There's probably not a better systems coach in the NHL than Joel Quenneville. The style and discipline he's imparted on the Chicago Blackhawks are big parts of why the franchise has thrived over the years. Things becoming in vogue across the league, Quenneville was doing years ago.
Quenneville is a brilliant hockey mind, and that's why it's so frustrating watching him coach himself into a fury of bizarre, unnecessary lineup changes like we saw Thursday. The Blackhawks came out in Game 3 looking significantly different than the first two games against the Anaheim Ducks, seemingly trying to change the tone of a close series. Instead, the result was a stunted effort in front of a sold-out home crowd.
Quenneville isn't the reason Chicago lost Thursday night to the Ducks. The team's lifeless power play was an issue before Game 3 -- some early success the prior game withstanding -- and again, they're trying to stop Corey Perry and company with four legit defensemen.
Still, Quenneville took some of the Blackhawks' biggest advantages on the third and fourth lines, then basically tossed them out the window. I can't fathom how the coach watched the fourth liners scored two goals in Game 3, including Marcus Kruger's overtime game-winner, and thought that was something worth changing. NBC's broadcast might've spent a lot of time gushing over the Ducks' back lines, but watching at home it seemed like Chicago was playing well with those matchups.
Instead, Quenneville blew up the third line by bumping up Andrew Shaw to center between Patrick Sharp and Kris Versteeg, who had looked terrible last time we saw him weeks ago. Unsurprising, that line did pretty much nothing all night, and the new fourth-line grouping of Kruger, Andrew Desjardins and Joakim Nordstrom was similarly ineffective. How he preferred those matchups to ones featuring Shaw on the wing plus Teravainen and Vermette playing is something I'm still trying to wrap my head around.
Teravainen had been looking dangerous throughout the playoffs, showing off some deft passing and winning enough puck battles to be an effective possession player. Neither he or Vermette were racking up points, but they were getting steady chances and seemed close to some breakout performances. For whatever reason, those two seem to be targets of benching more than other players, though.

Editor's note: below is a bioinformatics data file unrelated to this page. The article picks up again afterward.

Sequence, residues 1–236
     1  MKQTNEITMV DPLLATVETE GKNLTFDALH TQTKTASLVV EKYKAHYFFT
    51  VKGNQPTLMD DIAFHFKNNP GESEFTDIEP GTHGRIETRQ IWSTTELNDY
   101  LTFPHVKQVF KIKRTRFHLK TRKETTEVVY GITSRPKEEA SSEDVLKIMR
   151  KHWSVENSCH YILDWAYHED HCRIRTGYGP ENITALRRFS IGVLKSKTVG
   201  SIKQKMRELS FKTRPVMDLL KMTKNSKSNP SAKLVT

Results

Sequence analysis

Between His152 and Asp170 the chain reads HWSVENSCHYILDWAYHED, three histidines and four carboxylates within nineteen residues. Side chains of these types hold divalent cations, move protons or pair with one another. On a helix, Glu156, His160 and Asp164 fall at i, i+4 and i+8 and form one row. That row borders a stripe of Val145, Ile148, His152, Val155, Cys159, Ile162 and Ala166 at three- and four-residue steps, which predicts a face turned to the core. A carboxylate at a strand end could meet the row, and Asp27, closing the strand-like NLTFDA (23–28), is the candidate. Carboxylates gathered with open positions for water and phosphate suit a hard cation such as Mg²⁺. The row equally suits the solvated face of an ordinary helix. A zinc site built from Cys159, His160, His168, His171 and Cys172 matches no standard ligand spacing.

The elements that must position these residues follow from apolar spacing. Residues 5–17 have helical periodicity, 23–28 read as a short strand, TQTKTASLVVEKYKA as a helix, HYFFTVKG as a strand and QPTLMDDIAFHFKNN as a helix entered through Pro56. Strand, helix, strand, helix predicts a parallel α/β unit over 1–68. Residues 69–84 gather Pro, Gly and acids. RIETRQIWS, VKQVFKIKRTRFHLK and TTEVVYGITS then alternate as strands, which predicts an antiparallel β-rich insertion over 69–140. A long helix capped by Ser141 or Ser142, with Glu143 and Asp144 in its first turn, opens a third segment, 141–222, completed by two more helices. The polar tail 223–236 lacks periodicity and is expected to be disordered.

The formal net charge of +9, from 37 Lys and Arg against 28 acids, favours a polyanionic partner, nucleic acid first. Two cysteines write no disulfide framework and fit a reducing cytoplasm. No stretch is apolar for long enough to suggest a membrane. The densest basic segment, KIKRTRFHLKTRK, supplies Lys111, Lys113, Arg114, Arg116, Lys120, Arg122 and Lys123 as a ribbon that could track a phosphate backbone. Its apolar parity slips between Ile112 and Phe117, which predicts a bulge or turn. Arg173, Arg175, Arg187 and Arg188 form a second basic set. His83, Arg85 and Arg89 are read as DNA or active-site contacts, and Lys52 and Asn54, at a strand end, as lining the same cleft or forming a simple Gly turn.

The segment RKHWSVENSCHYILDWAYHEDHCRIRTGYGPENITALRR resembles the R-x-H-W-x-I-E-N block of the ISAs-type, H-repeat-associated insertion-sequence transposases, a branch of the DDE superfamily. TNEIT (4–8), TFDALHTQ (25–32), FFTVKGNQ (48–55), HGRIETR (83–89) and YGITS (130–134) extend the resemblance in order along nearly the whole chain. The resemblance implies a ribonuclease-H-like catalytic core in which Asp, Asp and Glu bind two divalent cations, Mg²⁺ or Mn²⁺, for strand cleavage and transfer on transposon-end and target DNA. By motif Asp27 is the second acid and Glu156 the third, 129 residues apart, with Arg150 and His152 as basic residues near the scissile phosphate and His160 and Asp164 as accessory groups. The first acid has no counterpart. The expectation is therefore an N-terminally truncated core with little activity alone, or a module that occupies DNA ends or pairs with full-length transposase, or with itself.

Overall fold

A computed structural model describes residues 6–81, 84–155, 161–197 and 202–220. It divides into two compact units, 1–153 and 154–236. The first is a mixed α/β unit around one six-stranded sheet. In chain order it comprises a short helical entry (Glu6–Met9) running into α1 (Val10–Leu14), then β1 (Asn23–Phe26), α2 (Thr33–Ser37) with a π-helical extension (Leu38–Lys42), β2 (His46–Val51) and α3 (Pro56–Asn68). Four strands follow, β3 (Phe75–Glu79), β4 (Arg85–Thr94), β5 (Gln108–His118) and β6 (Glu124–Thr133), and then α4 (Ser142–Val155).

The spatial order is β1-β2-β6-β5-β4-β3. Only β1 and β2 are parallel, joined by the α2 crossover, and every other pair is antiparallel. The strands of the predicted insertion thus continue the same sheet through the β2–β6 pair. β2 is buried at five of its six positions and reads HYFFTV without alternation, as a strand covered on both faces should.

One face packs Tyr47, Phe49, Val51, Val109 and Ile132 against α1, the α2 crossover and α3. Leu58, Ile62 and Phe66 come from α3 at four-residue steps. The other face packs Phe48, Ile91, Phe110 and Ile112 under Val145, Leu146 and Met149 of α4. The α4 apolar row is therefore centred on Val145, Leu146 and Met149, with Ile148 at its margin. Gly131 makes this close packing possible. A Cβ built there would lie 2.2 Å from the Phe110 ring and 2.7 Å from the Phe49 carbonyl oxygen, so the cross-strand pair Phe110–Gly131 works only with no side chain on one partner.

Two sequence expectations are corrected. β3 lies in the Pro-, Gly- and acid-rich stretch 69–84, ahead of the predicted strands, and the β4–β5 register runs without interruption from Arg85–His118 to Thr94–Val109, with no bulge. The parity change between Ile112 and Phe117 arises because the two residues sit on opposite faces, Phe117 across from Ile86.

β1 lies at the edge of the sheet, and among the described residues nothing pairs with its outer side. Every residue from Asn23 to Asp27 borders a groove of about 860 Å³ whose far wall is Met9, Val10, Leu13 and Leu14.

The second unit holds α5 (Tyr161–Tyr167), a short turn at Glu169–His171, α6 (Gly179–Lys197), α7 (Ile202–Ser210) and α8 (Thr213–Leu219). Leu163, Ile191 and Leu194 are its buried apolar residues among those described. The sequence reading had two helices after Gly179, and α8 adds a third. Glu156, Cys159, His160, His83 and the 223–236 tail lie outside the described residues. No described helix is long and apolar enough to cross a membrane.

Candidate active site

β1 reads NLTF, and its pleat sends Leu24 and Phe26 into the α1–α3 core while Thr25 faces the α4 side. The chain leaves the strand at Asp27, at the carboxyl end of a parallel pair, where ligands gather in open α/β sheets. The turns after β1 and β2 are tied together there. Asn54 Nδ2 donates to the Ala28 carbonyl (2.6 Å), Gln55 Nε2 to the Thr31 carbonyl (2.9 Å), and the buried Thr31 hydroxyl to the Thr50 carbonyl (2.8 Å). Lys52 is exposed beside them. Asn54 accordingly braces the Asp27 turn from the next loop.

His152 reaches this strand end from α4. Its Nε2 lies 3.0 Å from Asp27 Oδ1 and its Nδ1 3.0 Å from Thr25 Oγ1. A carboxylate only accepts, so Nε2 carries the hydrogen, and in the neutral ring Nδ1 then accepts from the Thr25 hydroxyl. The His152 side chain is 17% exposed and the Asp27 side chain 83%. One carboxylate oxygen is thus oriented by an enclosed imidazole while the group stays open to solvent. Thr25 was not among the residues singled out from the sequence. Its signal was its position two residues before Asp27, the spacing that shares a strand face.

The coach explained his moves by saying he was worried about fatigue over the course of a seven-game series, and that's a reasonable concern. The Ducks play a hard, physical game and have the skill to really challenge opponents. The Hawks' best chance was always going to be skating circles around their defensemen, and that won't happen with tired legs.
It also won't happen with Shaw at center and talented skaters like Vermette and Teravainen sitting on the bench, though. Whatever Quenneville thought he was going to get from the changes -- hits, physicality, penalties from Versteeg falling all over the place -- it was offset by the loss in dynamism that the scratched players brought to the table. And for Chicago, that electric passing and skating -- in concert with Quenneville's systems -- has been central to its recent success. It feels like Q tried to play the matchup game Thursday and instead coached the team away from its strengths.
There are other questions about Game 3, too. Why did Kruger play fewer than nine minutes -- and take zero faceoffs -- after scoring the game-winning goal two days ago? What was the point of changing the fourth line if you only wanted to use it for eight minutes? If fatigue was a primary reason behind the moves, it didn't stop Q from playing his top forwards big minutes. It's almost like he made the adjustments, actually watched the Desjardins-Kruger-Nordstrom line, then quickly realized his error. That still forced him to play Shaw big minutes at center, which led to two shots on goal and a 5-of-14 effort on faceoffs in over 18 minutes of ice time.
It's always possible there's an undisclosed injury, and Quenneville is simply being glib with explaining his moves. Teams in the NHL usually aren't the most open with sharing players' injuries publicly, especially in the playoffs, and that would go a long way to making sense of all this. Otherwise, it comes off like a rare series of blunders from an otherwise great coach.
Quenneville has never shied away from adjustments, and the majority of the time, they work out pretty well. His use of Desjardins on the fourth line has proven to be an adept decision, for example, and it's hard to complain about his handling of the blue line at this point given the personnel. There are times when the legendary coach can take it too far, though, and Game 3 is an example of that. Sometimes, the best moves are the ones you don't make.